Do PvP and PvE Really Belong In The Same Game?

PvP Season 1
Let me say a couple things up front. First of all, PvP, in any of its forms, isn’t really my thing. I don’t usually do any, and, when I do, I usually enjoy it less than an equivalent PvE experience. Second, I’m going to use the broad term “PvP” throughout, but what I really mean is instanced PvP like battlegrounds and arenas. I understand the draw of open world PvP, even though I personally find it more frustrating than exciting. My intention in this piece is not, in any way, to tell PvPers that they shouldn’t enjoy playing in their preferred style, or to say that they aren’t “real MMO players” (whatever that even means). It is honestly just me putting my musings into words.

Lately I’ve been pondering why exactly PvP needs to exist within an MMORPG. Take Guild Wars 2’s Structured PvP (sPvP) for example. At any time, I can hit a button and be teleported to the sPvP lobby. Once there, I am temporarily leveled to 80 if I am not already, I can choose from a set of PvP-only gear, and my build switches to one that only activates in PvP. This begs the question, if my PvP levels, gear, and build are separate from those of the main game, and the rule set is different from that of the main game, in what way am I not playing a wholly different character in a wholly different game? Some MMOs, like Lord of the Rings Online and the original Guild Wars, go so far as to have whole separate classes and characters designed exclusively for PvP. Many others, like Star Wars The Old Republic and WildStar, have gear with stats that only affect your effectiveness against players. I get that there are a lot of rewards given to characters for use in the PvE side of the game as rewards for playing PvP, not the least of which is an alternative source of XP, but again, why bother having levels at all if you have to adjust players’ levels to let them be competitive?

I suppose the same arguments can be made about raiding; you have to be a certain level to even start, and you have to get good gear from dungeons or crafting to even get started. But at least raids play by the same rules as the rest of the leveling experience; same attacks, same stats, same characters, slightly different tactics, and more advanced strategies.

Despite all of this, I literally can’t think of a major MMO that doesn’t have instanced PvP in some fashion. I feel like there has to be a reason that I’m missing beyond “people would complain if they didn’t have PvP.” Don’t worry, MMO players will find something to complain about. Maybe it’s just something that has been a part of the MMO experience for so long that it feels wrong to not have it, but in this post-WoW genre where it seems like every other convention of what make an MMO is being challenged, I’m always surprised that no one has come out and said “We’re making an MMO, but we don’t think our target audience wants PvP, so we’re going to use our resources elsewhere.” After all, lots of games are coming out these days with forced open world PvP, and if you’re not interested in that style of gameplay then you can go play a different game. Why not a game without any form of PvP? It seems better than having the sorely neglected and unbalanced PvP game that I hear about so often in many PvE-centric games.

I see the explosive popularity of MOBAs as the natural answer to questions like this. League of Legends isn’t really that different from a WoW battleground in isometric view instead of shouldercam. Yes, I understand, there are many key differences and I’m talking beyond the realm of my experience here, but really, when you get down to it, it’s not that different from PvP divorced from the MMO. I think this can account for a lot of why the MMO genre is declining but still managing to stay relatively healthy despite dire predictions from the industry; the people who played MMOs just for PvP are moving away to other games–they can get their fix elsewhere with less of the stuff they don’t like as much–whereas players who prefer PvE are sticking with MMOs because there really isn’t anything else quite like them.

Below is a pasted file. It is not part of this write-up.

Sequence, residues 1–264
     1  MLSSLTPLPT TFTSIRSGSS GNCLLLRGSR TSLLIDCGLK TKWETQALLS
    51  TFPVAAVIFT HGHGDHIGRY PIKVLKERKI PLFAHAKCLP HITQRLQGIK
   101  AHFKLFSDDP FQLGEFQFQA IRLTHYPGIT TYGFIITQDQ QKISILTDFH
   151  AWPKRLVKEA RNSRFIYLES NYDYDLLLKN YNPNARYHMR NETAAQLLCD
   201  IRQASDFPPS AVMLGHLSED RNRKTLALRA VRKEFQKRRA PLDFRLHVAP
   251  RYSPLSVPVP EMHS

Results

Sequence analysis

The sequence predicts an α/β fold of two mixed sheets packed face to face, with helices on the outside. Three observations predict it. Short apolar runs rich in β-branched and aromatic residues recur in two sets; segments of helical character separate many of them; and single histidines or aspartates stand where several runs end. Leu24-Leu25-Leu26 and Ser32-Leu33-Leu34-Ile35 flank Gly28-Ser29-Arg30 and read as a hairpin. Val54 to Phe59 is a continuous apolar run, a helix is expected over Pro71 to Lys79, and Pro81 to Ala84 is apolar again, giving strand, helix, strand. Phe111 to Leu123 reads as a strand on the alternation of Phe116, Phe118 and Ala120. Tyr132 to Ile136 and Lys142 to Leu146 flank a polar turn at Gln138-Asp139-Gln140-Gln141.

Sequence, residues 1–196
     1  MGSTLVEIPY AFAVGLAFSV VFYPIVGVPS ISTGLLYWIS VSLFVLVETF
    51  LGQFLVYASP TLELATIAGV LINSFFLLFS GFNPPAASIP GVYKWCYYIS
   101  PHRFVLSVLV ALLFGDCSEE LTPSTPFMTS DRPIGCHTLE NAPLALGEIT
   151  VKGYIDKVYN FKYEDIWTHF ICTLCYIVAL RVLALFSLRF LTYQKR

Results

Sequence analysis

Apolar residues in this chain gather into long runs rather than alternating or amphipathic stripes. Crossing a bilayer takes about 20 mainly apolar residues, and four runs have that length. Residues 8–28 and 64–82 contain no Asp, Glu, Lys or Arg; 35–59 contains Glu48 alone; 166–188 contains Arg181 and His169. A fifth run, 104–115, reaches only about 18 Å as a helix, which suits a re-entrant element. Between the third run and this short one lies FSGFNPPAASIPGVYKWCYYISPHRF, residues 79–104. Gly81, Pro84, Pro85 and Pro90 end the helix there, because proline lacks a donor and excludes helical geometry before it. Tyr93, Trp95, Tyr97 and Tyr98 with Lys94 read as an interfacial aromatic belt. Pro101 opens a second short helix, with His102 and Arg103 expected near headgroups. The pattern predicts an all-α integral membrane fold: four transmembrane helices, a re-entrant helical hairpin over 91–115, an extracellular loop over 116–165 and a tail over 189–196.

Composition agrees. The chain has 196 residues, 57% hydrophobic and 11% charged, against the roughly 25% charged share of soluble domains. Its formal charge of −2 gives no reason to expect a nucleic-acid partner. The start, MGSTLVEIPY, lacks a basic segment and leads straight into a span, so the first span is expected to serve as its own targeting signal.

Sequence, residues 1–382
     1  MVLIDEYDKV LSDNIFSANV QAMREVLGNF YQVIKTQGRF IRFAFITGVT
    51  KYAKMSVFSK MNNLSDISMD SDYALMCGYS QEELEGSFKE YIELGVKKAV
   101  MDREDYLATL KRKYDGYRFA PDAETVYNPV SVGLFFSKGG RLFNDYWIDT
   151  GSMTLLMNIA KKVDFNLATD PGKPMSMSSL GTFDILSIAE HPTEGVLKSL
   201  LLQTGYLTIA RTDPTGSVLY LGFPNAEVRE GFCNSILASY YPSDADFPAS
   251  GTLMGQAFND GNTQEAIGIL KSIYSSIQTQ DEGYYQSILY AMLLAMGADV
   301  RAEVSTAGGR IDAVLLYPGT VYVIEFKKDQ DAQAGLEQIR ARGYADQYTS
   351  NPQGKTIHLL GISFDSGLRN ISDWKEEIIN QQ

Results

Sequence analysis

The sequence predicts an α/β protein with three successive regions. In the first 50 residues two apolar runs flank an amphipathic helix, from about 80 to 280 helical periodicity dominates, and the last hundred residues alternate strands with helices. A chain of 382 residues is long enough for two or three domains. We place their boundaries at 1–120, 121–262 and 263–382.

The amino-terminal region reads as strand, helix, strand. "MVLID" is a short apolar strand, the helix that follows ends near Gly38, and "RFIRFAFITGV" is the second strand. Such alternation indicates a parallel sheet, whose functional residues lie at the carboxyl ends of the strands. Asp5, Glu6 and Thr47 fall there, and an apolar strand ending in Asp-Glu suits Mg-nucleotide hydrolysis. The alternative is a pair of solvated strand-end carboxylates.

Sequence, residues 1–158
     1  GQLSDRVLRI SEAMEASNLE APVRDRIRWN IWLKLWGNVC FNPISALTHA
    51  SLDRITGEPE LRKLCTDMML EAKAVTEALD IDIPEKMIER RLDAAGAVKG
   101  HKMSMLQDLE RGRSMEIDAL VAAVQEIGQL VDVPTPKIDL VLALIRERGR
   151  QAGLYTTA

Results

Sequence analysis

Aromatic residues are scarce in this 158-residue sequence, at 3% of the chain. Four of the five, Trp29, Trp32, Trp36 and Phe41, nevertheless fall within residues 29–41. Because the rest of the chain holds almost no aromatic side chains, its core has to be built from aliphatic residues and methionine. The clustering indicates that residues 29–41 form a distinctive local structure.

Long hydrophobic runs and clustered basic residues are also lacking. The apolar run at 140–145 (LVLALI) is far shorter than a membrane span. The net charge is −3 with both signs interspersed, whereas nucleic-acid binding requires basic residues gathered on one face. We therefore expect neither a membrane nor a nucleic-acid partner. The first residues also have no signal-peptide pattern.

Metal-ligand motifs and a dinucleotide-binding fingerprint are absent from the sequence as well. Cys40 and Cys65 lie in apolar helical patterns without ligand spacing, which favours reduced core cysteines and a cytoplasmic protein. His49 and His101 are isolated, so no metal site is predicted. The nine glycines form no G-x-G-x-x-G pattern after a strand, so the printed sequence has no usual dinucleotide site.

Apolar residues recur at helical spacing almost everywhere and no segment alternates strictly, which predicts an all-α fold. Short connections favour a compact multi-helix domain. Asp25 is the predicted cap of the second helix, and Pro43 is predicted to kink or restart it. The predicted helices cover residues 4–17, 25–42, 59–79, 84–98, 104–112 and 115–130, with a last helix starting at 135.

So what do you think? Am I completely crazy here, do PvP and PvE really belong in the same game? Is it necessary to have instanced PvP to be a feature-complete MMORPG? Has the presence or absence of PvP ever affected the likelyhood of you playing a given game?

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5 thoughts on “Do PvP and PvE Really Belong In The Same Game?

  1. I don’t think you’re missing a thing, here. For a long time now, PvP and PvE have been entirely different games shoehorned into the same package. And inevitably they rub into each other in awkward ways. I really think it is an artifact of the WoW era, where the driving factor was to have the most concurrent subscriptions possible. This meant that the game had to be all things to all people, offering as many reasons as they could think of for someone to want to subscribe. At that time, if you weren’t vying to be the biggest game, you were in danger of being branded a failure (SWTOR) and threatened with being shut down (Wildstar).

    I’m not sure if things have really changed, but I remember Sapience, a community manager from LOTRO, stating publicly that their pvp community was in the low single digits, percentage wise, and they weren’t going to spend a lot of effort on it for a while. The new thinking seems to be more focused on doing a few things well, rather than many things poorly.

    I think your observation about the ‘decline’ of MMOs is very insightful. Players are being sorted into finer niches, instead of a few big bins. If what you want is LoL style pvp, why not just go play that game instead of trying to find it in a big MMO and constantly chafe against its restrictions? I think this is a maturation process that will ultimately be good for the genre and good for players.

  2. Colin Johanson of ArenaNet let slip a very interesting piece of information about GW2’s sPvP offer recently. His full response to a thread on Reddit is very interesting, especially this part:

    “From a marketing standpoint, [the Pvp Pro League] (and the ESL weekly cups and WTS tournaments before it) has been extremely successful so far, among the most successful projects our marketing team has ever launched to grow our title in the history of the Guild Wars franchise in return for the cost.”

    He points out that the prize money, which amounted to some $400k just for the last tournament alone, comes entirely out of the marketing budget. Effectively, the eSport scene is being used a shop-window for the whole game and to access that scene, obviously, there needs to be a competitive format. I think there have been attempts in the past to do something similar with competitive PvE formats in various MMOs but there doesn’t seem to be much interest in the market for that.